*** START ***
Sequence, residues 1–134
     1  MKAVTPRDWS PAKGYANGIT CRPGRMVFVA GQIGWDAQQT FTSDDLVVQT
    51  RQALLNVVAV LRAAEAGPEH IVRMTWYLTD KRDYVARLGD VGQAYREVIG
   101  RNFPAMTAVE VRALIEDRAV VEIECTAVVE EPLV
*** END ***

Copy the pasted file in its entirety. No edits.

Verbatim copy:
Sequence, residues 1–134
     1  MKAVTPRDWS PAKGYANGIT CRPGRMVFVA GQIGWDAQQT FTSDDLVVQT
    51  RQALLNVVAV LRAAEAGPEH IVRMTWYLTD KRDYVARLGD VGQAYREVIG
   101  RNFPAMTAVE VRALIEDRAV VEIECTAVVE EPLV